FDA Panel: Osteoporosis Drugs Need Better Labels
Time Limits on the Drugs Are Suggested, but How Much Time Is Yet to Be Determined
WebMD News Archive
Long-Term Use of Bisphosphonates
Panelists noted that it's difficult to predict which women will benefit from long-term bisphosphonate use. The Fosamax study did find that women's bone mineral density at the time they discontinued the drug was strongly related to their fracture risk over the next five years, Bauer told panel members.
The findings probably can be generalized to weekly dosing of Fosamax, he said, but it's unclear how they relate to other bisphosphonates.
Paul Miller, MD, medical director of the Colorado Center for Bone Research, noted that long-term use wasn't an issue when bisphosphonates first came on the market. At that time, "we didn't treat a lot of women in their 50s or early 60s with bisphosphonates," said Miller, who was representing Warner Chilcott, maker of Actonel. "We treated sicker women in their 70s and 80s."
In July 2002, the first published results from the Women's Health Initiative changed all that, he said. The study found that Premarin, the top-selling brand of postmenopausal estrogen, increased heart attack, stroke, and breast cancer risk. Postmenopausal women who had been on hormone therapy to protect their bones flooded doctors' offices in search of an alternative, Miller said.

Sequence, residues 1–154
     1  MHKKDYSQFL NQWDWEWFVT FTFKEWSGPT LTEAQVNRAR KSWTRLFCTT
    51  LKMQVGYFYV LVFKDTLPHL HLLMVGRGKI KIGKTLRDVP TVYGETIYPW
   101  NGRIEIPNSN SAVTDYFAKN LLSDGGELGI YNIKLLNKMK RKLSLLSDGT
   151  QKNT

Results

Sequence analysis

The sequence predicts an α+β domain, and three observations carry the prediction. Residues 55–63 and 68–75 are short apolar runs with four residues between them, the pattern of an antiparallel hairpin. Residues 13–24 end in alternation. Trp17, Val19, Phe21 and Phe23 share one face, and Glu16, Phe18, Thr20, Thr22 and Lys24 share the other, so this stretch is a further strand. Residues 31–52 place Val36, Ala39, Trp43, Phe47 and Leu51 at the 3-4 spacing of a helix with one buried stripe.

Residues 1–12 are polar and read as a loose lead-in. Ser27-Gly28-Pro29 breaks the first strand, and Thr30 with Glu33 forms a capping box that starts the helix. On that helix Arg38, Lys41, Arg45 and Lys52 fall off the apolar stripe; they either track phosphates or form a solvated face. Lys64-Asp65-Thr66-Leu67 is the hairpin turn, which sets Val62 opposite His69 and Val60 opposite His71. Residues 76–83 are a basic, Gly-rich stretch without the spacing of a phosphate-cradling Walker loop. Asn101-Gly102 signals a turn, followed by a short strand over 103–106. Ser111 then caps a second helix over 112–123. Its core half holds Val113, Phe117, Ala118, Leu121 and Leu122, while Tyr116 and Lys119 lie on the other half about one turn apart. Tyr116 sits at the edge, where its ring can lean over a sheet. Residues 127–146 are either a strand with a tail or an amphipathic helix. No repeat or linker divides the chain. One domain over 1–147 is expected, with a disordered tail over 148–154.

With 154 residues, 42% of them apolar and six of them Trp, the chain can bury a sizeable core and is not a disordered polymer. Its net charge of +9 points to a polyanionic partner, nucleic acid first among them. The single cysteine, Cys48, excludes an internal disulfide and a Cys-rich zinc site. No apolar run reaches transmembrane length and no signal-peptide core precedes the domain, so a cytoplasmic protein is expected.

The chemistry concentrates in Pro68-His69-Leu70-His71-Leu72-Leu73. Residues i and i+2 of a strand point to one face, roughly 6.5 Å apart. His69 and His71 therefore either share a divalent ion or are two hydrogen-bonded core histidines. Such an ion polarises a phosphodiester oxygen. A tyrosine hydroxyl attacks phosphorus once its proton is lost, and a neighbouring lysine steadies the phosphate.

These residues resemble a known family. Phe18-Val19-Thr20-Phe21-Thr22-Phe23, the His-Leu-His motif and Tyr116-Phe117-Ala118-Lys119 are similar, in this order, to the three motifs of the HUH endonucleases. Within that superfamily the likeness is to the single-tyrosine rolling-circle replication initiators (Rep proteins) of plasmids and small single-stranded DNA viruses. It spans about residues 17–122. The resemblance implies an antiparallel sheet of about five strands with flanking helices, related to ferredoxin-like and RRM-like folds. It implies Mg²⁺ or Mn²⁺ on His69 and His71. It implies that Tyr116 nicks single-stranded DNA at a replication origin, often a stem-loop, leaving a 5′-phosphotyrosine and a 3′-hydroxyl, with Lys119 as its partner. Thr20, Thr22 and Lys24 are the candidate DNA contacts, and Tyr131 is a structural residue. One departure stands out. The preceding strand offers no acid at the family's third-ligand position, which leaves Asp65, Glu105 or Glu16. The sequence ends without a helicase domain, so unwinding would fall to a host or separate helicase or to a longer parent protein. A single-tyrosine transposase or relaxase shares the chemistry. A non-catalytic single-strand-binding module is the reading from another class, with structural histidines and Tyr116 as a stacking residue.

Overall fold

Most of the bisphosphonate patients who testified before the panel about their unusual thigh fractures said they had started taking the drugs in their 50s or 60s. Some of the women said they'd been prescribed the drugs for osteopenia, which means their bone mineral density was lower than normal but not low enough to be classified as osteoporosis.
Advisory committee member Clifford Rosen, MD, director of the Center for Clinical and translational Research at the Maine Medical Center Research Institute in Scarborough, questioned the wisdom of prescribing bisphosphonates simply to prevent osteoporosis, as opposed to treating it.
"A prevention indication, I think, is being revisited all the way around, including by the FDA," Kehoe said in response. "Certainly it's something we're struggling with and dealing with."